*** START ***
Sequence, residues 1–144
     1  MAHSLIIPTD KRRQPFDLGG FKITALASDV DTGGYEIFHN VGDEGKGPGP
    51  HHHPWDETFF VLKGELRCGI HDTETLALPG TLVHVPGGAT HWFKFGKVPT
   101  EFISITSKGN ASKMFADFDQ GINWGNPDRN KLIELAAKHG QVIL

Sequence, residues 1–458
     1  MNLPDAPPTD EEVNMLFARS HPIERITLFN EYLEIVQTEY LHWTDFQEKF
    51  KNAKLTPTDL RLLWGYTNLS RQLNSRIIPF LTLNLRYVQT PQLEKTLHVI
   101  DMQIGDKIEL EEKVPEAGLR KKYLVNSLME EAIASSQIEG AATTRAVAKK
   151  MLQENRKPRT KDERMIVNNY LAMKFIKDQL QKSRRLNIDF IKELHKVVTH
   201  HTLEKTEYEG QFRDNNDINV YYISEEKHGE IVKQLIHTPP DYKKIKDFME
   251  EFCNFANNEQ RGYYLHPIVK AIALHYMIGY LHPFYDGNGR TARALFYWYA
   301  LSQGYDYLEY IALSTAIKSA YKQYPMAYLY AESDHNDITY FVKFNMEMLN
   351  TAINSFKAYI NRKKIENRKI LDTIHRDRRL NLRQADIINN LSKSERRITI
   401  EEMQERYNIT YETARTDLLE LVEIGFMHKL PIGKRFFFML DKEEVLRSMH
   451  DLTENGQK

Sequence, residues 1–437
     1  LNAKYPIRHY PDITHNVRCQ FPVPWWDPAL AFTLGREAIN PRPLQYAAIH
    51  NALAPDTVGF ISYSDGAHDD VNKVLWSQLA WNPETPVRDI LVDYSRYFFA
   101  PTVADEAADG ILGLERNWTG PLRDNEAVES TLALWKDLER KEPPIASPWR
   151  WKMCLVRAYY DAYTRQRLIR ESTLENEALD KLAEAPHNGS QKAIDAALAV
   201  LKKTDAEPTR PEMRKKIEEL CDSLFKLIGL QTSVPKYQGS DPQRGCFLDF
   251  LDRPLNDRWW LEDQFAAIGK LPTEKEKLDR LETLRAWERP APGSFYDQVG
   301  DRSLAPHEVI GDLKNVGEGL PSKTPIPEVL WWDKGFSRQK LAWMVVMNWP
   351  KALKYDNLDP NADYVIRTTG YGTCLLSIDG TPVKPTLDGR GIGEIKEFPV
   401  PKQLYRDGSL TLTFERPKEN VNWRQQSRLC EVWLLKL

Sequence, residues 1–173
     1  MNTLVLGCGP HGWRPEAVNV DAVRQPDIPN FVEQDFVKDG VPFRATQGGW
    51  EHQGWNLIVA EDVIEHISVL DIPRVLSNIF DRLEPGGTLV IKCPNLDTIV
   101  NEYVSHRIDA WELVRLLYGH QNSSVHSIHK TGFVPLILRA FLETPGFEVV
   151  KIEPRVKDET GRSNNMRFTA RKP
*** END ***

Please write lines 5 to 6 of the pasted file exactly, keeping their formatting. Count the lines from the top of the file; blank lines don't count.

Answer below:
Sequence, residues 1–458
     1  MNLPDAPPTD EEVNMLFARS HPIERITLFN EYLEIVQTEY LHWTDFQEKF